I visited a friend in San Mateo, and we had dinner at a Japanese-Chinese restaurant in Downtown San Mateo.
Japanese food includes sushi, sashimi, and ramen. But did you know there are Japanese-Chinese (Chuka) dishes as well? It originated from China but had been modified over the years for Japanese tastes. Here’s more info, from Wikipedia:
Japanese Chinese cuisine or Chuka is a style of Japanese cuisine served by nominally Chinese restaurants popularized in Japan in the late 19th century and more recent times. There is much confusion as both Japanese and Chinese reject that this food is of their own cuisine, however, it is clear this food is found primarily in Japan, though now it is re-popularized throughout Asia from Japan as “Japanese cuisine”.
Chūka (中華, short for 中華料理 chūka ryōri, literally “Chinese food”) is the adjective for Japanese style “Chinese” dishes, or the restaurants in Japan which serve them. Chuka dishes originated in China, but have become modified over the years to suit Japanese taste, often with Japanese or even Western foods. They have changed enough that they are not identified as Chinese dishes by the Chinese themselves, nor as Japanese dishes by the Japanese. Japanese mistakenly consider them “Chinese”, though the dish of origin in any Chinese restaurant would never be made in this way.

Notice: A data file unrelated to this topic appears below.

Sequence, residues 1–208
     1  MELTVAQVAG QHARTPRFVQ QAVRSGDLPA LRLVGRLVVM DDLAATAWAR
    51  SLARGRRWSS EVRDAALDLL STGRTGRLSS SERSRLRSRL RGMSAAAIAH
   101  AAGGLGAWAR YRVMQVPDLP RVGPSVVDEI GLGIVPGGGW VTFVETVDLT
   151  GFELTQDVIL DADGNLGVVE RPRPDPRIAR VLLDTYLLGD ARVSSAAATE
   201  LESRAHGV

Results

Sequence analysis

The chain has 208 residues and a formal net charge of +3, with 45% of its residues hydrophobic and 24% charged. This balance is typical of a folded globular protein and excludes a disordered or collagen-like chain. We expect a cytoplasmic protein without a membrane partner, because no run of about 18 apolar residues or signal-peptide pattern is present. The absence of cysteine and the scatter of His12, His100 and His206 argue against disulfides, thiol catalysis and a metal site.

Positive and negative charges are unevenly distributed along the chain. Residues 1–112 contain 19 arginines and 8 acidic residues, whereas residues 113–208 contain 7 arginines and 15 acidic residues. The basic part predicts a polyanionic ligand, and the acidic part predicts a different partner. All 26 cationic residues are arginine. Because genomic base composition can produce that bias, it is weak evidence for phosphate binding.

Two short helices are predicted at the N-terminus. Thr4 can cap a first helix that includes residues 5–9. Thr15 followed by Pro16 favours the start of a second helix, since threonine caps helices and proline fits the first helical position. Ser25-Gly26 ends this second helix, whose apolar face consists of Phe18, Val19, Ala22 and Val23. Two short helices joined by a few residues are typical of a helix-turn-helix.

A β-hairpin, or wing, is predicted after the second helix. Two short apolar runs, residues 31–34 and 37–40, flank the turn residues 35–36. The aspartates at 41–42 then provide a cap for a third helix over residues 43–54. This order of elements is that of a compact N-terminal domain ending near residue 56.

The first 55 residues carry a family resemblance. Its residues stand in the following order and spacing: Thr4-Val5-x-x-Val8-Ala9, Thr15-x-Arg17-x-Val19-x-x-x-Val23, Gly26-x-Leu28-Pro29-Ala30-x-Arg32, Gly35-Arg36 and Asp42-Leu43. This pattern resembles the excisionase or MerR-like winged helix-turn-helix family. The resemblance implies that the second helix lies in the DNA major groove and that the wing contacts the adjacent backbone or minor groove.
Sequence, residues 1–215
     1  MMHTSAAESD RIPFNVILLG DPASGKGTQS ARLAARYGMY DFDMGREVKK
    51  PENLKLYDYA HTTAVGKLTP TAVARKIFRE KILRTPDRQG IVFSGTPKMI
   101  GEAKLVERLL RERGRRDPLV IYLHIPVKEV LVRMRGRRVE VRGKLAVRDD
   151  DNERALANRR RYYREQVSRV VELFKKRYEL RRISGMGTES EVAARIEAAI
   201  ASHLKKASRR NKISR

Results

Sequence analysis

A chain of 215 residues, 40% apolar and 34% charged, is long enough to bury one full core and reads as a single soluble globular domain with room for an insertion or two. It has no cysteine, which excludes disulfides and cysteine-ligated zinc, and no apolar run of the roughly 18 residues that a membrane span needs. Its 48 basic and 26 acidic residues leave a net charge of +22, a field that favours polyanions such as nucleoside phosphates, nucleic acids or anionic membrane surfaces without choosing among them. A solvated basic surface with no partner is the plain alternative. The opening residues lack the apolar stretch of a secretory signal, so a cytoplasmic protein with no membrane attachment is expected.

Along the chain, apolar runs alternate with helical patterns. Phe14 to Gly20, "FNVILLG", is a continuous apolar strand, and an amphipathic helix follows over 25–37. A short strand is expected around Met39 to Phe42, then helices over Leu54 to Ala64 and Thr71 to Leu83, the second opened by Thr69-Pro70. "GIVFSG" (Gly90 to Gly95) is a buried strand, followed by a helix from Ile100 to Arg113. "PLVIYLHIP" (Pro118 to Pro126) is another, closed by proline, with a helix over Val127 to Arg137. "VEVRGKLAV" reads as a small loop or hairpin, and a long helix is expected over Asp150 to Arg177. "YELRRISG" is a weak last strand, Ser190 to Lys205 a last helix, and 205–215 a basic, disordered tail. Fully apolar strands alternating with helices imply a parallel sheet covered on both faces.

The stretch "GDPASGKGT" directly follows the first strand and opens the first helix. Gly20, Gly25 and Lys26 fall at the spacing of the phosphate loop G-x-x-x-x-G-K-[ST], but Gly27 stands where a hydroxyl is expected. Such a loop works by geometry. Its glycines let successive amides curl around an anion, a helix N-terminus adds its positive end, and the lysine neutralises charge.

I had Yu-Raku’s signature dish, the Yu-Raku Cha-han (遊楽チャーハン), which is roasted pork fried rice with snow crab and egg white Ankake sauce ($12 USD). The Asahi Shimbun explains the Ankake sauce:
“Ankake” is a dish where a thick sauce, called “an,” is poured over various ingredients. Together the sauce and ingredients create a rich flavor.
“Ideally, the sauce should be smooth with a certain firmness,” says Japanese cuisine expert Tatsuo Saito.
Doesn’t it look a lot like the Chinese snow crab fried rice dish? The type of rice in both dishes are different. Here we have the short grain rice which is common in Japanese dishes. The sauce is also thicker and more pungent in this version.